Finally, the wage rates purporting to comply with § 6913 were inserted in the specifications and incorporated in the contract and as such were protected by a bond. All of these occurred before the 1972 amendment of § 6913. The relationship of the parties became firm before the 1972 amendment and were not altered by adoption of the amendment.


Planet next contends that liability under the bond exists only where there is privity of contract between the general contractor and the party suing, citing Board of Education v. Aetna Casualty & Insurance Co., Del.Super., 152 A. 600 (1930). The holding of Aetna is that the liability of the surety on the statutory bond is coextensive with the liability of the general contractor. Aetna turned upon the statutory phrase "for which the successful bidder is liable". Aetna held that the employee of a subcontractor *135 has no contractual relationship with the general contractor and, hence, under contract law the general contractor had no liability to pay the wages of the subcontractor's employee.

19 Del.C. § 1105 provides:

"[w]henever any person shall contract with another for the performance of any work which the contracting person has undertaken to perform, he shall become civilly liable to employees engaged in the performance of work under such contract for the payment of wages, exclusive of liquidated damages, as required under this chapter, whenever and to the extent that the employer of such employees fails to pay such wages, and the employer of such employees shall be liable to such person for any wages paid by him under this section."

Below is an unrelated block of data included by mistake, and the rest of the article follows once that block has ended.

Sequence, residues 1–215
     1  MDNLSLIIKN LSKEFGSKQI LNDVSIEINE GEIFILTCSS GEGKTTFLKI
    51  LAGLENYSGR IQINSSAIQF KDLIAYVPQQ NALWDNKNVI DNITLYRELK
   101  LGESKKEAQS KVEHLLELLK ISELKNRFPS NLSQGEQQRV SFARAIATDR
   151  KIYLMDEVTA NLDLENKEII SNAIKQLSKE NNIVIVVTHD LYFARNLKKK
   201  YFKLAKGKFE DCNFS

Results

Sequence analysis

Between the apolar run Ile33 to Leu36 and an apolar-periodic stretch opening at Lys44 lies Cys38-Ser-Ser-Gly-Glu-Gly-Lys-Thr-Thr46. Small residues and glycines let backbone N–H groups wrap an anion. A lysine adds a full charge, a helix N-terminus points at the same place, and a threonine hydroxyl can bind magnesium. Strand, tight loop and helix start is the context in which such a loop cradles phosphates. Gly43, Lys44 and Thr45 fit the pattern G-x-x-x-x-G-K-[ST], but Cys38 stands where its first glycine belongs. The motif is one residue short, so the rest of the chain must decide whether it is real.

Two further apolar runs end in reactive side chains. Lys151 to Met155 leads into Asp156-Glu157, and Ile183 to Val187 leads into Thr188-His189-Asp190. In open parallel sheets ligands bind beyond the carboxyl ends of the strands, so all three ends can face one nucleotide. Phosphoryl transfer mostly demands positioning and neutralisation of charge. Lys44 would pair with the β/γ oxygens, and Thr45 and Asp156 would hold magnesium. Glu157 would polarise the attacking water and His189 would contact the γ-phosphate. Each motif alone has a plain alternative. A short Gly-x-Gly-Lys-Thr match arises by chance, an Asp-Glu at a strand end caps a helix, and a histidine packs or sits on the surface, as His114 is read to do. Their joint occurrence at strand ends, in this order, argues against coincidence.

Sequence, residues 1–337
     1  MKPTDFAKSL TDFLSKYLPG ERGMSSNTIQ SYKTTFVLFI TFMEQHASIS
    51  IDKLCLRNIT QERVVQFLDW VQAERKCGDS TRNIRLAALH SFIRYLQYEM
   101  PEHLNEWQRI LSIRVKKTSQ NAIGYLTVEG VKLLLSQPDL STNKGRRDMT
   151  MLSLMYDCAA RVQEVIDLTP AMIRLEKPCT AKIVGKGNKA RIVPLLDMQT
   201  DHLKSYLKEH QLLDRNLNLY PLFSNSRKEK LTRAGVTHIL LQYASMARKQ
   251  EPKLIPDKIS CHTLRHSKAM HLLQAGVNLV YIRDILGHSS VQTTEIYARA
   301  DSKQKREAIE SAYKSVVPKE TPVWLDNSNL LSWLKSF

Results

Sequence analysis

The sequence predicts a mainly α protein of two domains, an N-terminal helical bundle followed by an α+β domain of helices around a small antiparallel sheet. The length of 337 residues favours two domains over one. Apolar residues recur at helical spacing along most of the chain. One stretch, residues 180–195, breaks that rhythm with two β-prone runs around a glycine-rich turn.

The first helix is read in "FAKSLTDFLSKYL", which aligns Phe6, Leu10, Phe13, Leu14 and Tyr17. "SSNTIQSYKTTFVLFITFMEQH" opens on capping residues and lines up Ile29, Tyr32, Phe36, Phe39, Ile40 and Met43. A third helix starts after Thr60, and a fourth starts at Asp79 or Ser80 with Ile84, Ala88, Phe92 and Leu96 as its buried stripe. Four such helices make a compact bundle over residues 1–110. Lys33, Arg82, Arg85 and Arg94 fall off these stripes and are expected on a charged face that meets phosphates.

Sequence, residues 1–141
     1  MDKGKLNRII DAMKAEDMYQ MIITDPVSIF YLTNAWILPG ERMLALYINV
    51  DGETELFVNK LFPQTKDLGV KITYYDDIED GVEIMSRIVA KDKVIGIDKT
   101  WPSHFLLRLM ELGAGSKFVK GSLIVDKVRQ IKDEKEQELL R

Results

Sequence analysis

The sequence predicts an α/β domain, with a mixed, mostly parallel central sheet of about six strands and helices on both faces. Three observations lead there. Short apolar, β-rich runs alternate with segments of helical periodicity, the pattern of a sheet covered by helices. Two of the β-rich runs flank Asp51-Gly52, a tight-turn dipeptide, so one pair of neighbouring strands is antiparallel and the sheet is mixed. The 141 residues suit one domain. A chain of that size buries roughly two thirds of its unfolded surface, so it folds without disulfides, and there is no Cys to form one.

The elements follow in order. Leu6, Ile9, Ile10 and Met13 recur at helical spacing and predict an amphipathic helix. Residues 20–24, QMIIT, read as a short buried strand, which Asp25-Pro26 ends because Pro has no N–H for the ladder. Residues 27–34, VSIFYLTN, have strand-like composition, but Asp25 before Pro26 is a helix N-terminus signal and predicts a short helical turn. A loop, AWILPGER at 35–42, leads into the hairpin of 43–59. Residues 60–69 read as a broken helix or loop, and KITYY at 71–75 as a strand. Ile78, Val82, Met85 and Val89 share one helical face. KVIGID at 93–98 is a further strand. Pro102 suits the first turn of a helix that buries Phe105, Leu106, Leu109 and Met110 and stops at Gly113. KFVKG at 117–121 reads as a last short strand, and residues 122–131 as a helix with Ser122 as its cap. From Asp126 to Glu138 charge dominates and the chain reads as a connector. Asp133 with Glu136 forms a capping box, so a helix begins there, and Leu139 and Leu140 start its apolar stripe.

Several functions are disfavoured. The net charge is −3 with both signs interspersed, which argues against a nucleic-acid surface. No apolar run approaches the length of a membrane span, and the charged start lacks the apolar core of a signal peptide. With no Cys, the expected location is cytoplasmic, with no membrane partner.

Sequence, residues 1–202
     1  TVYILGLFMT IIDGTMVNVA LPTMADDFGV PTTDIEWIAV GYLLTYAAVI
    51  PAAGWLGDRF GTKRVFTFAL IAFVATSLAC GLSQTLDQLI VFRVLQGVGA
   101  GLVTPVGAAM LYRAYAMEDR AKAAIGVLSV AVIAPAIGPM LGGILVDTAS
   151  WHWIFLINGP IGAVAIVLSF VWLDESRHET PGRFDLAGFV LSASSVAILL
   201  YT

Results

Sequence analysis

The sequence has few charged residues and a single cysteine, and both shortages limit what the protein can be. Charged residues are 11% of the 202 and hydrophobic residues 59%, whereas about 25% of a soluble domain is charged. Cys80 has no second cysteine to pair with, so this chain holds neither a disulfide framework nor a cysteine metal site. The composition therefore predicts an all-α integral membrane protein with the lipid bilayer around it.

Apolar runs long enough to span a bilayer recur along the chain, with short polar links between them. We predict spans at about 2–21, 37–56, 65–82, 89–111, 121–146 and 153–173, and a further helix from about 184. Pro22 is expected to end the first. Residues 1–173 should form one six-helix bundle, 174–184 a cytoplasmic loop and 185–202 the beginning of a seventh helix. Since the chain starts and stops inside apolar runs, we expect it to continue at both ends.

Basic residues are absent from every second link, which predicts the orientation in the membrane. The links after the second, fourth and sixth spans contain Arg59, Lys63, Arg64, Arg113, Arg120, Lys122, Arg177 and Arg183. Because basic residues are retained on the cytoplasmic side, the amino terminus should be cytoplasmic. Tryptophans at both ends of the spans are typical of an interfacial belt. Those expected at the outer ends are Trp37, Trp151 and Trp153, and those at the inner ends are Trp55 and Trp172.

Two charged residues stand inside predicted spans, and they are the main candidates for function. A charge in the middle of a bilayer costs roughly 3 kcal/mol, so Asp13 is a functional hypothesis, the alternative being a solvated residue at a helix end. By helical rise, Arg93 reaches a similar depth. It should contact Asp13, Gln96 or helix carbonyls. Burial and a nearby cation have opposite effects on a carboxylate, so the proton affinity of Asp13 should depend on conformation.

By this provision, the general contractor became "civilly liable" to the subcontractor's employees such as plaintiffs for payment of wages. This section, therefore, filled the gap which existed in Aetna. 19 Del.C. § 1105 made the general contractor liable for wages which were due and not paid plaintiffs. The bond statute requires that the bond assure full payment to every person performing labor in the performance of the contract of all sums due for such labor, and permits suit by such persons for such sums as are due from the general contractor. Earlier in this Opinion, it has been held that the wages which are covered by the payment provisions of 19 Del.C., Ch. 11 include those specified in the contract executed by the general contractor. By virtue of 19 Del.C. § 1105, such sums are due from the general contractor to a subcontractor's employees. If it is contended that the contractor's liability goes beyond the terms of the bond, the answer is that where bond is supplied under 29 Del.C. § 6910, provisions in the bond which are more restrictive than required by that section are void and the bond must be held to cover the full liability provided in § 6910. State v. Fidelity and Deposit Company of Maryland, Del. Supr., 194 A.2d 858 (1963).